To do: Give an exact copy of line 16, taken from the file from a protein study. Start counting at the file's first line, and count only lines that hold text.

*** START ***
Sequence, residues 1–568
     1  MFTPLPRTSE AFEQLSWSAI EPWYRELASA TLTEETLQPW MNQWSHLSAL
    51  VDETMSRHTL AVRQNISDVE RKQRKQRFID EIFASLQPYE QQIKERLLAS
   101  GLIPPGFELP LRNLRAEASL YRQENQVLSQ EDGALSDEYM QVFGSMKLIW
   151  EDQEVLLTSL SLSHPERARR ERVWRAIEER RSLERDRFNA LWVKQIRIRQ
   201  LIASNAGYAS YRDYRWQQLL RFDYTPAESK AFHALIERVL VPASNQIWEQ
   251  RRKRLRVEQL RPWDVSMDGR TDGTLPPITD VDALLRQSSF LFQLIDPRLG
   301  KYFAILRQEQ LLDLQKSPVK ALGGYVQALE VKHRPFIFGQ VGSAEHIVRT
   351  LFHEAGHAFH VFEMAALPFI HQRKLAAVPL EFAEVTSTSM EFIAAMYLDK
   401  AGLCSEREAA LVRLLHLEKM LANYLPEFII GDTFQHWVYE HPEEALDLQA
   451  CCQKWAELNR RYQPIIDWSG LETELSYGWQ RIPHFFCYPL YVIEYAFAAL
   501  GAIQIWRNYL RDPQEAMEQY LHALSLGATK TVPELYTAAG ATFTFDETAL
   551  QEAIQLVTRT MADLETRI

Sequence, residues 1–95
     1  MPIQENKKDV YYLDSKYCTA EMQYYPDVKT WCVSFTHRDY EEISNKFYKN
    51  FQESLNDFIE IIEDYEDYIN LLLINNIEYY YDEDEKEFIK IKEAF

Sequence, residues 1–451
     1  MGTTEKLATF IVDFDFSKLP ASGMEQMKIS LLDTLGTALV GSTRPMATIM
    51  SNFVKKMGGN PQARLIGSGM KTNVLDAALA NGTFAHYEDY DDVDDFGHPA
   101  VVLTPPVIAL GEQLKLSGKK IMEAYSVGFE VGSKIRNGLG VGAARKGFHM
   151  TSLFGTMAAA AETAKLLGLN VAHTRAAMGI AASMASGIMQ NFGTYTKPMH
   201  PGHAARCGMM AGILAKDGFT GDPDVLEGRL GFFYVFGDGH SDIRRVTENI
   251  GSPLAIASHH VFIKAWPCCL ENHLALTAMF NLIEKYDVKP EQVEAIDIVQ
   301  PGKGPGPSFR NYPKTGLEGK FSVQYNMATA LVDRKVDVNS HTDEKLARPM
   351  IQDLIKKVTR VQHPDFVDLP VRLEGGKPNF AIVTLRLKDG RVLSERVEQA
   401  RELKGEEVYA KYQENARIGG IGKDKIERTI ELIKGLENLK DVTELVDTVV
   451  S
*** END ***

    51  FQESLNDFIE IIEDYEDYIN LLLINNIEYY YDEDEKEFIK IKEAF